<img height="1" width="1" src="https://www.facebook.com/tr?id=389153694820003&amp;ev=PageView &amp;noscript=1">

Game of Thrones: Examining Five Seasons of Piracy



HBO’s broadcasting juggernaut, Game of Thrones, came to an end on 14 June 2015 and, amongst the usual carnage involving the characters — at least two major characters seem to have been lost in that episode alone — it also wreaked havoc on the world’s servers.

As predicted, it became the single most pirated TV show ever, with TorrentFreak estimating that it chalked up 1.5 million downloads in the first eight hours since broadcast and, at one point, a record 258,131 people were sharing a single torrent.

This is worrying news for broadcasters and content providers trying to protect their material from the online pirates.

“Never before have we seen this many downloads in such a short period of time, and last year it took half a day to reach the same number,” said the site. “Based on this figure, the download count is expected to increase to more than 10 million during the days to come.”

10 million is an utterly astonishing amount and even more so when you look at all five series of the show so far and put it in context.

In 2011, when Season One aired, it averaged 3.4 million downloads per single episode (and was actually beaten into second place by US crime drama Dexter). By 2012 it was unbeatable and was averaging 4.28 million per episode. In 2013 this rose to 5.9 million and in 2014 to 8.1 million.

game of thrones diagram 1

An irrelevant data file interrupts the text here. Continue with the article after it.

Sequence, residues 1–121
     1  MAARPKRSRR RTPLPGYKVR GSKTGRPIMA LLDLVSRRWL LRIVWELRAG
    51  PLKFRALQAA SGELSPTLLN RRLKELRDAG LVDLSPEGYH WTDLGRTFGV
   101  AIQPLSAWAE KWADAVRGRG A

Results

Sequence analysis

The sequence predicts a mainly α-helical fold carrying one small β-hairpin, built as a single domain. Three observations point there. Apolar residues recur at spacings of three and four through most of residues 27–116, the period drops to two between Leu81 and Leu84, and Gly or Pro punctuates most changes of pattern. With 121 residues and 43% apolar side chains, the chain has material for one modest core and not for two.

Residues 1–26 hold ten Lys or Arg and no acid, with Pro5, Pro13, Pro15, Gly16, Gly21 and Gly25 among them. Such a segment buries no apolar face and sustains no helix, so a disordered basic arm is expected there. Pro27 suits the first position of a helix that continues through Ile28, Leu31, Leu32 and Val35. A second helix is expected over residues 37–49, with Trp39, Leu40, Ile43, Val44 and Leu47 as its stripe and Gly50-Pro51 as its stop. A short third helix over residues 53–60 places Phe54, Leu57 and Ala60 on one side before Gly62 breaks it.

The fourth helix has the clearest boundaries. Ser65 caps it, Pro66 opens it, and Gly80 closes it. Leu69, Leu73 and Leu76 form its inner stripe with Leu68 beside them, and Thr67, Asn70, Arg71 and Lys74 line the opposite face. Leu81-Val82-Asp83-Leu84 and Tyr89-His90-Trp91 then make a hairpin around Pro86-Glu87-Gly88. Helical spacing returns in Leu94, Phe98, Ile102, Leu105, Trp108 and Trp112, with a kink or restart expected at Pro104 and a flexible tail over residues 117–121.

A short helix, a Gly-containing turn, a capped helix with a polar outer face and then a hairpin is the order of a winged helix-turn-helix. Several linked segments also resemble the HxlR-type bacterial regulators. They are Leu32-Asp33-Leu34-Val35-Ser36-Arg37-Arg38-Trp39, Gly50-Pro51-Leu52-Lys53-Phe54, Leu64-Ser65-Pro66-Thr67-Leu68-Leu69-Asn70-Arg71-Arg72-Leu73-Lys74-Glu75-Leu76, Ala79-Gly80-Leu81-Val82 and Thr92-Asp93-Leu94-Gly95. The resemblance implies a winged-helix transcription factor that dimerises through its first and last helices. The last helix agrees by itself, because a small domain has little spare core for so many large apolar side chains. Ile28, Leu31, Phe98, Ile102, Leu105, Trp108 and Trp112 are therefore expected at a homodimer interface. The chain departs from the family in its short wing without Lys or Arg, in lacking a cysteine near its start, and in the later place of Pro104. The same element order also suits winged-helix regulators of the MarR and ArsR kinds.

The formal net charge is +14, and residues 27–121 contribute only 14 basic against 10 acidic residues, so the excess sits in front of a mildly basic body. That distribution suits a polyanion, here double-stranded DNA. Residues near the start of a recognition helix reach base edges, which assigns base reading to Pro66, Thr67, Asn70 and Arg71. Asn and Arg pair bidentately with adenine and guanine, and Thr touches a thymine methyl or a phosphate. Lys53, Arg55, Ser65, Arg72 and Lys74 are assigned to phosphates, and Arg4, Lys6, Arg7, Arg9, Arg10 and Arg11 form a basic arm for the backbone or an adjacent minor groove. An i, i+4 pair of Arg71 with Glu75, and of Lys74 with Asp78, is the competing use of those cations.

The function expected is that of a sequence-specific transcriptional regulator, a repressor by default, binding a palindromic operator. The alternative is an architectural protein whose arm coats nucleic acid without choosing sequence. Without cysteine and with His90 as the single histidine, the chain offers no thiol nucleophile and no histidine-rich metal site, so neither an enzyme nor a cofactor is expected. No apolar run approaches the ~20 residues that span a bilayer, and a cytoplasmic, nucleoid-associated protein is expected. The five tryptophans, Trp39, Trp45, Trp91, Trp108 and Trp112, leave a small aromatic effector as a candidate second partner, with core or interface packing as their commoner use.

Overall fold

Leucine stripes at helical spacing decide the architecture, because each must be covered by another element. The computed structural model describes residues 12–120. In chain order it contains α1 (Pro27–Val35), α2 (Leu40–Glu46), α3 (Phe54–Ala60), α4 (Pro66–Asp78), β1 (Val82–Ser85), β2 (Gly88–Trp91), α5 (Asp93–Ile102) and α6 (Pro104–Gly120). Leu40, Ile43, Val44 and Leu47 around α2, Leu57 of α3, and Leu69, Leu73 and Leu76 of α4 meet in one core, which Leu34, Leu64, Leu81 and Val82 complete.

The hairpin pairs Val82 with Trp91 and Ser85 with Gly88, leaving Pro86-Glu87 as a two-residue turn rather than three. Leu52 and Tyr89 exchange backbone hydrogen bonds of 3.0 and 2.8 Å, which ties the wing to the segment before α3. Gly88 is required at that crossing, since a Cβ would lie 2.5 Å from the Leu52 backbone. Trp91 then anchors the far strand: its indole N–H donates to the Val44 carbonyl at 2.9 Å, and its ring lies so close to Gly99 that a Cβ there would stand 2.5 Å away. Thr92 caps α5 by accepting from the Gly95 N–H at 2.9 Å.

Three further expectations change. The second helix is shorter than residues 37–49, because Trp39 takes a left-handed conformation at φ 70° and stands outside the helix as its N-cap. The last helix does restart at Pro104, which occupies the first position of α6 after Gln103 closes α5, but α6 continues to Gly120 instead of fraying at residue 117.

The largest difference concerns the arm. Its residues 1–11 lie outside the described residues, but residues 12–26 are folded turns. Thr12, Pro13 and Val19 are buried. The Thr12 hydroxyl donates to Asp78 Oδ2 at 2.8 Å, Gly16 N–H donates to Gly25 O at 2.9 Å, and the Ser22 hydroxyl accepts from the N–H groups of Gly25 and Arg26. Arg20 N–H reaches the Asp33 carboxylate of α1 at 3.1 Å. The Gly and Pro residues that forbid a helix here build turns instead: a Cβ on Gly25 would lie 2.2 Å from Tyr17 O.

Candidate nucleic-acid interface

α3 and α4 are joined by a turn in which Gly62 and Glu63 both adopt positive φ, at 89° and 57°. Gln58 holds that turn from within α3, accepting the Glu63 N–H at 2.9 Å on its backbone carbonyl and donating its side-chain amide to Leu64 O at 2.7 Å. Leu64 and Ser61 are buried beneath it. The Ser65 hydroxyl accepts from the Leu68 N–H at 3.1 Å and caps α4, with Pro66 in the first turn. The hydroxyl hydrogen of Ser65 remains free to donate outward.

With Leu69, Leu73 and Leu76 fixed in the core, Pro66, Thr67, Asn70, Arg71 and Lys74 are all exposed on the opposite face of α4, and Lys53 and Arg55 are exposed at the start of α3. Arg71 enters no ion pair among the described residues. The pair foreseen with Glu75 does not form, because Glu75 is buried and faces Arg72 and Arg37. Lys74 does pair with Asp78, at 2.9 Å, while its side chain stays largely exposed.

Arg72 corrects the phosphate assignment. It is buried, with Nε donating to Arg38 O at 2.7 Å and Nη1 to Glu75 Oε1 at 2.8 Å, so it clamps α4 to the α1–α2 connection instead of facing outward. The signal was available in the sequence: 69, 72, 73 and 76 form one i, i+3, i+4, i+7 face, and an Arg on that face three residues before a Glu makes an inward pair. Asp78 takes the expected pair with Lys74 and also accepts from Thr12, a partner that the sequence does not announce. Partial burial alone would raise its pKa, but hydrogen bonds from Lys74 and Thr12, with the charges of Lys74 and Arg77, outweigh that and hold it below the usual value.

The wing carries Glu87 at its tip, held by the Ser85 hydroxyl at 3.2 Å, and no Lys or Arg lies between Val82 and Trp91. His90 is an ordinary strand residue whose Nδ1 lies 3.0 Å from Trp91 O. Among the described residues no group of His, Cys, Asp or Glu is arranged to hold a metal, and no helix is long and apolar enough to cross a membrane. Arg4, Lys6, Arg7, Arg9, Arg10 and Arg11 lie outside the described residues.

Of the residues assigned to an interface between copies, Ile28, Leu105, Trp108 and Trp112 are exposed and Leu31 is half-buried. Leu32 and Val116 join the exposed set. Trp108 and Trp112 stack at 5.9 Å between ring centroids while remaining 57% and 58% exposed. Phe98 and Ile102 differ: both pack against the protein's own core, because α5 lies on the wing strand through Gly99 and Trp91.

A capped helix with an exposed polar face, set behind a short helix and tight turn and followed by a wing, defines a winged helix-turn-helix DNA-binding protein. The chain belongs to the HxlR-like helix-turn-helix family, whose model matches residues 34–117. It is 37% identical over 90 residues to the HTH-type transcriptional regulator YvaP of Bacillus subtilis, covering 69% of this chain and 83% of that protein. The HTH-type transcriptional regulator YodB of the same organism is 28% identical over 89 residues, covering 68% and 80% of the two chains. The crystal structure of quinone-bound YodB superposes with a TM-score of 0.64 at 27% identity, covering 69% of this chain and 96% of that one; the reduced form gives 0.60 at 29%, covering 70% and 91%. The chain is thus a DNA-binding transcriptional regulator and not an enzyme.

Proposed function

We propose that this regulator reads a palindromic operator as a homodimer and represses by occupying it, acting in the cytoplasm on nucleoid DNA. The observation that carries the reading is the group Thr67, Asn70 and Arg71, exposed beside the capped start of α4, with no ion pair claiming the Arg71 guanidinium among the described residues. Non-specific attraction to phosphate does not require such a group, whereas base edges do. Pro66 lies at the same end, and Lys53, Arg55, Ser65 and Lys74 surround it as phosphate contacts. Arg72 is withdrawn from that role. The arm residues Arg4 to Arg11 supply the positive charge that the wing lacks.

Given that, while torrents peak in the period immediately after an episode airs they then maintain a steady trickle throughout the year, there’s little doubt that Season 5 will smash the records once more.

What’s especially worrying for content providers is that GoT piracy now seems to be running in advance of the actual, paid viewing figures. The numbers are only estimates, but apart from a blip in 2012, the trend is ever upwards and by last year the pirated figure was 12% over and above the US viewing figures.

game of thrones diagram 2

HBO has undertaken numerous anti-piracy measures this year and, while it seems to have failed in decreasing the total number of incidents, if it can also have increased legitimate viewing figures (and get things closer to the 50/50 downloads/US viewers comparison it achieved in 2012), it will probably be, if not happy, at least passably content.

Unlike most of the major characters in Westeros.

We shall know if it succeeded at the end of the year.

Oh, and as an aside, the lower quality 480p copies of the show remain by far the most popular among downloaders, followed by 720p and 1080p copies respectively. And, while impressively global in nature, the main territories involved in torrenting the show are the USA, the United Kingdom, Canada and India.

Want to learn how VO fights piracy? Download our guide to Eye on Piracy.



Main pic: Shutterstock

Topics: OTT, Anti-piracy, bittorrent, broadcast, Content, Content Piracy, Content service providers, Game of Thrones, HBO, Industry, piracy, TV

Merav Cunningham

Merav Cunningham led VO’s digital content strategy and execution, part of VO’s global strategy from 2012 until 2016. She also oversaw VO’s marketing content creation, VO’s blog and all social channels. Merav holds a BA in Psychology from Strathclyde University in Glasgow, Scotland.

You may also like these

Fighting Piracy Across the Globe: Spotlight on Spain